The Montana Vortex and House of Mystery Link here
Matt and I would encourage you all to check out the links to these locations and if you’re ever able to get to these destinations, be sure to let us know what you think!
Where Matt went:
Oregon Shakespeare Festival; Ashland, Oregon Link here
Lithia Park; Ashland, Oregon Link here
More pictures of Brandy’s trip can be found here and in upcoming posts, as well as on our social media links.
You can also email us your show suggestions, questions, prayer requests, or road trip stories.
Be sure to join us next week as we kick off Season 2 with bang! We’re jumping right into the deep waters, so stay tuned and share with a friend!
Intro and Outro Music: “The Long Road Home” Written by Brandy J. Goebel, Arrangement by James Swanson, Performed by James Page. Copyright 2018.
“For the Lord is good; His lovingkindness is everlasting
and His faithfulness to all generations.”
– Psalm 100:5
This last Sunday a remarkable thing happened. I worshiped at my home church.
Admittedly, this doesn’t sound like such a big deal. But wait…. This was the church building I grew up in, the one I helped pound nails into when I was a little kid. The very building that I watched grow from a tree covered plot of land to a log church at the base of Mt. Hood.
Still, why is that remarkable?
Twenty years ago that church, along with two other churches in the area, decided to have a marriage, so to speak. Three churches became one.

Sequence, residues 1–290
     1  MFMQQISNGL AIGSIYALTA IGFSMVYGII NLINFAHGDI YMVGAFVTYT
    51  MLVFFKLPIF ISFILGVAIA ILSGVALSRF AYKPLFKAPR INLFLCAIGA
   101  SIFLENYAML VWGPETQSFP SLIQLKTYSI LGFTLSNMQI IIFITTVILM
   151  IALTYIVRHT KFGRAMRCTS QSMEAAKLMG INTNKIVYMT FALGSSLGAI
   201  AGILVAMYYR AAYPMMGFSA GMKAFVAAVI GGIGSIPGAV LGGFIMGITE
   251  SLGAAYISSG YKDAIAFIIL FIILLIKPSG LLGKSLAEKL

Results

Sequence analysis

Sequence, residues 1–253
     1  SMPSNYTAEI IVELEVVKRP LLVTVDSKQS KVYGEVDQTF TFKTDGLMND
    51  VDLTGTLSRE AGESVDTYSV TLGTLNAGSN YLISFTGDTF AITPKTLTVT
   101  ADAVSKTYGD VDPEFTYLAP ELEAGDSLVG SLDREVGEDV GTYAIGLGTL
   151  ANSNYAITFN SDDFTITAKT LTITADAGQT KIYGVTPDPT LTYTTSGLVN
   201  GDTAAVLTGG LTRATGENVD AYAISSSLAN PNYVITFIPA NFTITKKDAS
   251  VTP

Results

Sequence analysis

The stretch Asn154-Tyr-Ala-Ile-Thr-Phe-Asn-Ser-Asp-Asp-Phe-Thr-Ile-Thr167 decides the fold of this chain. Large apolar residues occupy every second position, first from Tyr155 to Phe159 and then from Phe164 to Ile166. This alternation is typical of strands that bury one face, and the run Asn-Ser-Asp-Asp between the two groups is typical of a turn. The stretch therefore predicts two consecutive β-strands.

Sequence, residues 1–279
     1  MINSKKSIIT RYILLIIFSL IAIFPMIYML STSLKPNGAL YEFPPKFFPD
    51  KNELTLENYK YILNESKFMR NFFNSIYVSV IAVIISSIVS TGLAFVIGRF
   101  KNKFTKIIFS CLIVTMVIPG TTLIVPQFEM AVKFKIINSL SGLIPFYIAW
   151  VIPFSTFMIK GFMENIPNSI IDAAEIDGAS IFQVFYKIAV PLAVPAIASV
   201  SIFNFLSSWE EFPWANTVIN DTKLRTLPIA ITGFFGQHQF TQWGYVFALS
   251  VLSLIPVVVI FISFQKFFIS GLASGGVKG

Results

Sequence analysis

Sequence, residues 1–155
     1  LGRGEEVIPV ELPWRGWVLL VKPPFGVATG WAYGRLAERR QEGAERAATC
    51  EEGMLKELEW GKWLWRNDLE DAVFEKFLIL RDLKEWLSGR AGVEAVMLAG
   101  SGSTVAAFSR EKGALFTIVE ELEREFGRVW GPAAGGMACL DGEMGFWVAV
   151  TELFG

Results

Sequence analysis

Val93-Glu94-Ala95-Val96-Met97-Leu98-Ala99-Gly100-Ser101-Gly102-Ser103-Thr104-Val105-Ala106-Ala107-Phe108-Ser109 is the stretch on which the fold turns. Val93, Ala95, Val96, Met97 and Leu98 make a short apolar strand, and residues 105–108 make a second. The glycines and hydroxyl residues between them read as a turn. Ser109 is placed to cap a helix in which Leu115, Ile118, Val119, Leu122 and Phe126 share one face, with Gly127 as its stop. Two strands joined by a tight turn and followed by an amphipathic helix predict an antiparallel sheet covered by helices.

Folks, church merges happen all the time. That’s nothing new. What’s exceptionally rare is when those merges work out.
That’s what happened in this case. Matt and I had already married and moved to Utah so I didn’t get to witness this marriage first-hand, but I heard the good news from family and friends.
And this last Sunday we had a 20-year anniversary reunion to celebrate it all.
Here’s the super cool thing: in that celebration, I got to see people I hadn’t seen in over 20 years. I got to see men and women, now gray and starting to show the effects of age, who helped shape and mold my life as a young believer. It was a beautiful collage of people from varied walks and backgrounds all converging in one place to raise their voices to praise the God who unites us as a family.
But there were several people who weren’t there.
There are those who, like my dad and my former pastor, have already gone to be with the Lord. There were also those missing who had only recently passed away, the wounds still raw from their sudden and early departure. There were those, too, who are coming to the end of their days, their health preventing them from making the trip to join us for such an occasion.
It was a beautiful picture of the Now and the Not Yet.
It was a reminder of the faithfulness of our God who unabashedly pursues us.
I was 7 years old when I asked Jesus to come into my heart and take me to Heaven if I died. I had no idea what I was signing up for. All I knew was that the people around me seemed different and I wanted what they had. I didn’t know it then, but it was hope and joy. They had a confidence that drew me in, wrapping me up in its warm embrace.